DEAR MISS MANNERS: My son is a polite, respectful and kind-hearted child. As my mother before me, we use the terms “Yes, ma’am” and “No, ma’am” only to much older ladies and gentlemen. A simple “yes” or “no” spoken in kindness was always sufficient.
In my nephew’s home (my son’s cousins), the expectation is for their children to use the ma’am/sir terms for every person and for every possible scenario — ad nauseum. They are charged a quarter every single time they do not. I view the cousins as little robots who speak few words other than the constant “Yes, ma’am,” “No, sir,” etc. What is your view on this?
I told my son to respect their home and try his best to please his aunt and uncle when he visits (When in Rome, do as the Romans do). I honestly believe that Southerners have really gone overboard on this.
GENTLE READER: Robots? Do they say “sir” and “ma’am” to the cat and dog? Is that the way they address their playmates?
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Miss Manners suspects that the cousins are being reared on pretty much the same system that you taught your son, with the difference, perhaps, that you do not require him to address grown-up relatives that way. And she hopes that you do not give him the job of distinguishing among older and younger grown-ups. Everyone looks old to a child.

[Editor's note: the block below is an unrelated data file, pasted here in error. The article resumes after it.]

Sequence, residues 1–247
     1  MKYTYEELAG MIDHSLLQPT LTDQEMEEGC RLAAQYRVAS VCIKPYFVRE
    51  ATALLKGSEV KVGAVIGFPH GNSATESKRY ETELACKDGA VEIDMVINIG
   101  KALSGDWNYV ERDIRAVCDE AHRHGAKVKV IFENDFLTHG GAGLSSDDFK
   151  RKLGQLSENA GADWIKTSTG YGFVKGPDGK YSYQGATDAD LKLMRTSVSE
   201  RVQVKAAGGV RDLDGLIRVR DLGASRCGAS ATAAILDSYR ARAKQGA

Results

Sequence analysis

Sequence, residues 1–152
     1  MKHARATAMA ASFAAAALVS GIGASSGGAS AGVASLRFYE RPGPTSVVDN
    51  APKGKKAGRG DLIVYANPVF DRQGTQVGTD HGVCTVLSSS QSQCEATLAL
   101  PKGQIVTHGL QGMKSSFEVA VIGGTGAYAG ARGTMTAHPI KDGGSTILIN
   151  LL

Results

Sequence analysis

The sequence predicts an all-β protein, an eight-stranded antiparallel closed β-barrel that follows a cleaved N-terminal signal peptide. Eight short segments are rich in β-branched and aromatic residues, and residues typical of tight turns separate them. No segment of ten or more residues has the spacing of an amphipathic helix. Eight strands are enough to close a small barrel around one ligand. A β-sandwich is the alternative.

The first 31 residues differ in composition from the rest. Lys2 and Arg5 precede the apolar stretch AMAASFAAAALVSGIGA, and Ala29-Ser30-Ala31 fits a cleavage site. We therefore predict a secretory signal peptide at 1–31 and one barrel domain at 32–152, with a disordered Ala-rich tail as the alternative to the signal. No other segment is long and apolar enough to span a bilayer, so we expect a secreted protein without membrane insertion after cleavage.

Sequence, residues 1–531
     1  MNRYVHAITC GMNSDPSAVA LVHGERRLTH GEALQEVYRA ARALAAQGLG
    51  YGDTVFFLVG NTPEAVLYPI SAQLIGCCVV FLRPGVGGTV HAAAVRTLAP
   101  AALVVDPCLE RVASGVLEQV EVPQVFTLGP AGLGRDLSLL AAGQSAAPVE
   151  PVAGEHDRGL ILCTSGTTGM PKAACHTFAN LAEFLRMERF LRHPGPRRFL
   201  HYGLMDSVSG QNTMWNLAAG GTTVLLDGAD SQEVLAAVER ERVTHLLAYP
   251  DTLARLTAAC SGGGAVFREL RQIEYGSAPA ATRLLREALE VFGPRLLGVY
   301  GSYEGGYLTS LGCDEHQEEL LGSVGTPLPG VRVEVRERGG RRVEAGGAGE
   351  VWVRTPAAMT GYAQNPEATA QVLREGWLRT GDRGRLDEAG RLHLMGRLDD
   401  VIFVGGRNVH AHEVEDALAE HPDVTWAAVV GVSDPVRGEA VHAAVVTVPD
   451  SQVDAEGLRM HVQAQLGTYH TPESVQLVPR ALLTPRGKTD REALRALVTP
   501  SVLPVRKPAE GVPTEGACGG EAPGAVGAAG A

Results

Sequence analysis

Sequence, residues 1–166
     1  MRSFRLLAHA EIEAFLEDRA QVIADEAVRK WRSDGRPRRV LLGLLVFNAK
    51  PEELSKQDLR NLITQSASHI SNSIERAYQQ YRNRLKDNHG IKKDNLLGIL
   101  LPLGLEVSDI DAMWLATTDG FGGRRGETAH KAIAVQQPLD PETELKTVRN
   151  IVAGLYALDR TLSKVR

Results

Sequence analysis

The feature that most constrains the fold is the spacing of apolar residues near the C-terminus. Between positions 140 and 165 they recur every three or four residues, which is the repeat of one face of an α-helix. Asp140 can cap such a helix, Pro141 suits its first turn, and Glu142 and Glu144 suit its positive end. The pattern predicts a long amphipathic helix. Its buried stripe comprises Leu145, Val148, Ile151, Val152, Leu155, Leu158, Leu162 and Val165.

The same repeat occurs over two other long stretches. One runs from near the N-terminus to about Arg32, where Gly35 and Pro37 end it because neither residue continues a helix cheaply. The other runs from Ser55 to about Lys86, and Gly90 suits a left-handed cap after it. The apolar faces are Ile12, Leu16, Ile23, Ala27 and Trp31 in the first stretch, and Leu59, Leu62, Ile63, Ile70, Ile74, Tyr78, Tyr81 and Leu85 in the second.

But please control your nausea. Certain polite forms are best mastered in the automatic way you call robotic. It is always a great moment for parents when, after years of “Say ‘Thank you,’ dear” and “Do you mean, can you PLEASE have that?” the right words come out of the child’s mouth without his or her having to think about them.
And by the way, if there is any part of the country that suffers an excess of etiquette, Miss Manners has not had the good fortune to encounter it. Fortunately, she does often encounter polite individuals everywhere, and she would not dream of trying to discourage them.
Curious about surgery
DEAR MISS MANNERS: I had cosmetic surgery two weeks ago and have been out of social circulation since then. When questioned, my sister answered that I had “a surgical procedure” and that I was fine.
Last night an acquaintance telephoned me to ask, “What kind of surgery did you have?” I was not prepared for such an intrusive question and gave more information than I intended. The acquaintance is not a discreet person, obviously. How could I have answered her without causing animosity or even more curiosity?
GENTLE READER: “It was very minor. (Miss Manners assures you that this is not a lie. The medical definition of major surgery is when a body cavity is opened.) You’re a dear to worry about me, but I’m fine. Now tell me how you are.”
Judith Martin writes the Miss Manners column with help from her son, Nicholas Ivor Martin, and her daughter, Jacobina Martin. Send your questions to Miss Manners at her website, MissManners.com; or through postal mail to Miss Manners, Universal Uclick, 1130 Walnut St., Kansas City, MO 64106.
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